News & Media

"Let us build a Unisa we are proud of"

Unisa’s Extended Management is meeting over two days to review the institution’s plans for the 2021 academic year. Setting the tone in her opening address, Prof Puleng LenkaBula, Principal and Vice-Chancellor (VC) of Unisa, conveyed a need to constantly rethink and reinvent. Referring to Unisa’s founding years, she said: "In its origin, Unisa started with an industrial-era system which was connected to the post office system. In the current conjuncture, however, the industrial system has shifted to digital systems that are connected to the Fourth Industrial Revolution. This requires us, as a university, to rethink who we are. We should be asking ourselves if we are agile, relevant and adhering to our mandate."

The VC emphasised that it has now become important for the university to constantly enquire and reflect on how it projects itself as a university. "Unisa led other universities in the country through its response to the open, distance and eLearning education system," said LenkaBula. "It is only now that this system is becoming a modality for other universities."

As it stands, however, higher education, like many industries, is going through a transition. Institutions of higher education face a number of challenges that call for a shift in the manner in which they conduct their business. Since her appointment, the VC has placed strong emphasis on the need to reinvent, reshape and regenerate.

The Extended Management Lekgotla aims to analyse Unisa’s strategies, which need changing in this historical moment of the global pandemic that has disrupted systems, economies and higher education. "This," LenkaBula asserted, "is important to do because Unisa’s modality has been normative as the only player in the system. Given the disruption, however, it has become critical to analyse the threats we face as a university. For us the threats are many because our modality is not only claimed by the higher and basic education systems, but also by corporates and industries that are now creating their own academies."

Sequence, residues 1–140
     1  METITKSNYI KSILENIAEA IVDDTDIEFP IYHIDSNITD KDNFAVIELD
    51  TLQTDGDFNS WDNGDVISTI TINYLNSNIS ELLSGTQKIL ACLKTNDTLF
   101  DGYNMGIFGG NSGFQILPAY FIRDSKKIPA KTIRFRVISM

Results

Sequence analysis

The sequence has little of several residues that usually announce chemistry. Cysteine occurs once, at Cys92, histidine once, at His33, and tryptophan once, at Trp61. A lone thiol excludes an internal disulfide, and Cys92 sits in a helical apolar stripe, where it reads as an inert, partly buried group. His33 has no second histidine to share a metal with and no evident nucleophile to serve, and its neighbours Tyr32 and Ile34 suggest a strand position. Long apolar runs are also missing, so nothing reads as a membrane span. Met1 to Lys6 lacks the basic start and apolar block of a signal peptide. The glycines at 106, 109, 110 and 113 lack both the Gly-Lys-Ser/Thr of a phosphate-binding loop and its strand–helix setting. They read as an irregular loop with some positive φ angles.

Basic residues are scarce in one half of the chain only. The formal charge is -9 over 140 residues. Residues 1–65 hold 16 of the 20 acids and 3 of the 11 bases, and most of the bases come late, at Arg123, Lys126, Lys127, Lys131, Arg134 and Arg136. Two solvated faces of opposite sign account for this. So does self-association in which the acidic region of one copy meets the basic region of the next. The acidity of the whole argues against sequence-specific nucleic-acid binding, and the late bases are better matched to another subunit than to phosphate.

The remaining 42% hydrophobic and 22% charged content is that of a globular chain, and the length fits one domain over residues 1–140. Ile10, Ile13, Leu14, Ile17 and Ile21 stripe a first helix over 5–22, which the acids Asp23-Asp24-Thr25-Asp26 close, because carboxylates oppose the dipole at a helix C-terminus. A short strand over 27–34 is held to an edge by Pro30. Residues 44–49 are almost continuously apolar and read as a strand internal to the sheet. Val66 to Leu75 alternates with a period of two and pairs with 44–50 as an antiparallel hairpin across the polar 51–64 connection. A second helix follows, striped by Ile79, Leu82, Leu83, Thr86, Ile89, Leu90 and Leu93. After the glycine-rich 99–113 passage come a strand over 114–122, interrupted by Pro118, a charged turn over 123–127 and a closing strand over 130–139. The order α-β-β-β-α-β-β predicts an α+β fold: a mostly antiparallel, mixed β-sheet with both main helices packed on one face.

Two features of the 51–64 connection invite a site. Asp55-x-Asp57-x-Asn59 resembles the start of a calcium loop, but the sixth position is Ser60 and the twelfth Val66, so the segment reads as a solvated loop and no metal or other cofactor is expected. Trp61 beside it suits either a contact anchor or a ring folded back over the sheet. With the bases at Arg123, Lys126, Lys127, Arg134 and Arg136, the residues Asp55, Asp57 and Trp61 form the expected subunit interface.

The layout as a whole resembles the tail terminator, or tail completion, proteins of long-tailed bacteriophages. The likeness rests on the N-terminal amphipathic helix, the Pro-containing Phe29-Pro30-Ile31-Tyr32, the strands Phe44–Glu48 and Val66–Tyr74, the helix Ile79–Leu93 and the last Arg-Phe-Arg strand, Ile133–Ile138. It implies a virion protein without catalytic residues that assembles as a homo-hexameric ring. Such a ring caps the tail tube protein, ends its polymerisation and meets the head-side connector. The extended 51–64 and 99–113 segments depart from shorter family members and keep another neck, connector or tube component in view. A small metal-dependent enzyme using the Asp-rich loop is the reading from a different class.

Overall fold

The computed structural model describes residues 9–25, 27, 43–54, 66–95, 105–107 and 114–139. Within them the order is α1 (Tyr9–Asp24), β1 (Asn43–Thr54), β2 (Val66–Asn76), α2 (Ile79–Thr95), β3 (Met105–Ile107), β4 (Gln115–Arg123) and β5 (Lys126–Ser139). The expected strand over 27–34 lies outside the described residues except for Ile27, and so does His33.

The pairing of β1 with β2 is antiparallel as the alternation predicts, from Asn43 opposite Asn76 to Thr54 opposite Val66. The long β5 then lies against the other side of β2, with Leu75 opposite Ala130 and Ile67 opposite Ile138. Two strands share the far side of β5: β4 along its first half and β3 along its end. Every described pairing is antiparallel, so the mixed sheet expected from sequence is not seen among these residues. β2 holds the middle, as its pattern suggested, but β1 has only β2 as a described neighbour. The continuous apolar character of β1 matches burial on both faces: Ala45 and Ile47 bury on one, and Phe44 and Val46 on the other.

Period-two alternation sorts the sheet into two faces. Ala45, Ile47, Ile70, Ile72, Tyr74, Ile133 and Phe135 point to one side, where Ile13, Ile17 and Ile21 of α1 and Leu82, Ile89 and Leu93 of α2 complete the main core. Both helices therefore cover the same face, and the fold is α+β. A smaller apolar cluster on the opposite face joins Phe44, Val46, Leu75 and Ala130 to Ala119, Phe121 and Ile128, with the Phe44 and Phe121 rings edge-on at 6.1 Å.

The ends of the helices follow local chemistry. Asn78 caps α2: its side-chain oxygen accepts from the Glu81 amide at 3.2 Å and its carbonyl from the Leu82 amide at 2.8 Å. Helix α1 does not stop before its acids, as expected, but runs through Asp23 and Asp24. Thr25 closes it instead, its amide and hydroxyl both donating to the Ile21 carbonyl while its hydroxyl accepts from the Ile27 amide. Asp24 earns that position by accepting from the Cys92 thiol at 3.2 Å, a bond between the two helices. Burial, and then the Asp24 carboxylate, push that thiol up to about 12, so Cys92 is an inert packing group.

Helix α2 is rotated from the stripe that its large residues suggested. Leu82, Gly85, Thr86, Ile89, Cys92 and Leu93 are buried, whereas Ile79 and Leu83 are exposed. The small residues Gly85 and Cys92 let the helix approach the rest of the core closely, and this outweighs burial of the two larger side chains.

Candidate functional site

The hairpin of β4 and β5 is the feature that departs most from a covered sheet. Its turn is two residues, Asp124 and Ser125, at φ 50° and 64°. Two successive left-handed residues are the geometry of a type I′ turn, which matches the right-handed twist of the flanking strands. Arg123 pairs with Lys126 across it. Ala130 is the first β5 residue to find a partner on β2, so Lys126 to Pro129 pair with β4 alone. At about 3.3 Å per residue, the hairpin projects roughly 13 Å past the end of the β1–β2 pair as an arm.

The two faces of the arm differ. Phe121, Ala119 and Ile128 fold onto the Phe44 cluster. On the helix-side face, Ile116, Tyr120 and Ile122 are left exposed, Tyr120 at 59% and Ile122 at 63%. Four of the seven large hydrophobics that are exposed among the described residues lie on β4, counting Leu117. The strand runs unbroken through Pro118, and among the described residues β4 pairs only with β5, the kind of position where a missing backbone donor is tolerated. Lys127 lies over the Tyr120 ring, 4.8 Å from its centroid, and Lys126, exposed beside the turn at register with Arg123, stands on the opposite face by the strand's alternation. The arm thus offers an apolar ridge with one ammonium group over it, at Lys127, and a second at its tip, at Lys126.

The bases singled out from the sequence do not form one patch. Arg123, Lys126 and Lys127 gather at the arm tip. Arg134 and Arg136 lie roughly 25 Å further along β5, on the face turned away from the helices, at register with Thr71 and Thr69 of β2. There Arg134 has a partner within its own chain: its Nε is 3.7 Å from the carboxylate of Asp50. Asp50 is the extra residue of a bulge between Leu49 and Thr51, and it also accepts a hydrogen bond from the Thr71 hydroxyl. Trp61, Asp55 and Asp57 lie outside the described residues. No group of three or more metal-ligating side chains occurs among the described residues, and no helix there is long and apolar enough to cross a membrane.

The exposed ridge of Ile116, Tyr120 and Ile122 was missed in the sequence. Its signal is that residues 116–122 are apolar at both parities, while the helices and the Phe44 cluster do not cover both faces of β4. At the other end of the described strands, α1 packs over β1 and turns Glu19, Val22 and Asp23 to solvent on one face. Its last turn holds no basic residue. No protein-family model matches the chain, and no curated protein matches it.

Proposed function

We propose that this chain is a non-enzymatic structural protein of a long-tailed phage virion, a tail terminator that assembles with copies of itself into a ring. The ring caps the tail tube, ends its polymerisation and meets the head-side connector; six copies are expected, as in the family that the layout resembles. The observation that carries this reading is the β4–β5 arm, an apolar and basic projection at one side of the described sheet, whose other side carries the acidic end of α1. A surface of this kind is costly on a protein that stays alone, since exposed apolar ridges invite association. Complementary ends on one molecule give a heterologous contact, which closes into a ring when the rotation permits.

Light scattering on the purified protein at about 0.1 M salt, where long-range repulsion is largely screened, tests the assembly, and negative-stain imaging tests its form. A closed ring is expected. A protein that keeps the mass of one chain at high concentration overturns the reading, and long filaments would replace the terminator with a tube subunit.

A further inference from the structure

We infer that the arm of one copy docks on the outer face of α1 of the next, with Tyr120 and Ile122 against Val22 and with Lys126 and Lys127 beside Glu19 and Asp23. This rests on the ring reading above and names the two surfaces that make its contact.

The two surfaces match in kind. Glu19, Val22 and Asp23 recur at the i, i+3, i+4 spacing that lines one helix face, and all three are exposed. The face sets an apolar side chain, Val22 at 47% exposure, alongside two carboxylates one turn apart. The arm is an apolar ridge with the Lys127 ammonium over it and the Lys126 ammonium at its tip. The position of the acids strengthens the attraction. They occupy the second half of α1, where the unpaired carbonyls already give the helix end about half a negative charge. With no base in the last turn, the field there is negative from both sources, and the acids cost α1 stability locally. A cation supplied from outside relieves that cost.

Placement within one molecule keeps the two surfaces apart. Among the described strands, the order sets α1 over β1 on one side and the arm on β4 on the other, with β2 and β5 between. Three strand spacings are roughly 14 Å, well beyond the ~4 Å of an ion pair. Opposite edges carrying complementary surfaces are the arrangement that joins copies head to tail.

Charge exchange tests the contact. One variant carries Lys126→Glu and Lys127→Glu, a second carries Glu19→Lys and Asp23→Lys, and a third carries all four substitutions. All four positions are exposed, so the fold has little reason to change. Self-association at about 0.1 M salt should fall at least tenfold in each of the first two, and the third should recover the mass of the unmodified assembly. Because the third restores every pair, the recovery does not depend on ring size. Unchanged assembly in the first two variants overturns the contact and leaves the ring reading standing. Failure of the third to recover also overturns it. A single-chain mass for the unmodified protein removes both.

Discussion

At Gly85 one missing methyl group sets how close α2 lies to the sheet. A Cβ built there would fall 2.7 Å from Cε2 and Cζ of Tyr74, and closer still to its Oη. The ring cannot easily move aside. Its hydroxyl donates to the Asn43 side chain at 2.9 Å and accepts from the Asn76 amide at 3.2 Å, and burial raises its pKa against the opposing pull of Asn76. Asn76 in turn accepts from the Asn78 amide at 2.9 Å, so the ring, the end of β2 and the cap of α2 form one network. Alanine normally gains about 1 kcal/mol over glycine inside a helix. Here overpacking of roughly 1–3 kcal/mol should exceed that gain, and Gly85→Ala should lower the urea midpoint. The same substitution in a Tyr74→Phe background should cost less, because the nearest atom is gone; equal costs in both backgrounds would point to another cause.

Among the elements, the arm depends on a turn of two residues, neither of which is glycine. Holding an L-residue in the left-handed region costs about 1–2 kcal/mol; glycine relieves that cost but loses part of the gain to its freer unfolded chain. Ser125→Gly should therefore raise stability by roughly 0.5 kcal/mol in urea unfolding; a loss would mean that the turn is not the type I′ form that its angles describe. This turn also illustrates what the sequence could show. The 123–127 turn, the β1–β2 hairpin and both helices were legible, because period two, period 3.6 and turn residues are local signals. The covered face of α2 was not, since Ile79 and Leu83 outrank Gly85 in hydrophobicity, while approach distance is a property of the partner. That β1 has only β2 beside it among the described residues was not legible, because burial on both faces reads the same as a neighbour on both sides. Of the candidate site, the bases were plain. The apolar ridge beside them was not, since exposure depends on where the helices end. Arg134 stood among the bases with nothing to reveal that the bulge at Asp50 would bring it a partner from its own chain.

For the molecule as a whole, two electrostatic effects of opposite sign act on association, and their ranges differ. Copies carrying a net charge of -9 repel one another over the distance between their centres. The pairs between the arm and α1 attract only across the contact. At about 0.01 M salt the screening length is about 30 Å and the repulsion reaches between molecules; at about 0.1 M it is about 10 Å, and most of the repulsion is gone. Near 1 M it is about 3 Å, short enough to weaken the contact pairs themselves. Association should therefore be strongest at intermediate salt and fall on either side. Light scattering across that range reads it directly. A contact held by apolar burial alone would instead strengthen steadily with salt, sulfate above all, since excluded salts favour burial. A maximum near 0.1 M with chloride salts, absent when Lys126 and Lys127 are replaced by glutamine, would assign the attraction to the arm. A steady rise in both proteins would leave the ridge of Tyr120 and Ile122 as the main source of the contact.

The VC stressed that this implies that Unisa needs to work hard to ensure that it has a distinctive, premium education, and areas of excellence that will catapult it to be a leader in the higher education system.

"Let us build a Unisa that we are proud of," concluded the VC, "a Unisa that is a resource, a partner and also an epistemic community that is committed to changing the world for the better. Let us also ensure that we create systems and work allocation models that are fair and enable development and change in the country and our institution."

* By Tshimangadzo Mphaphuli, Senior Journalist, Department of Institutional Advancement

Publish date: 2021-04-22 00:00:00.0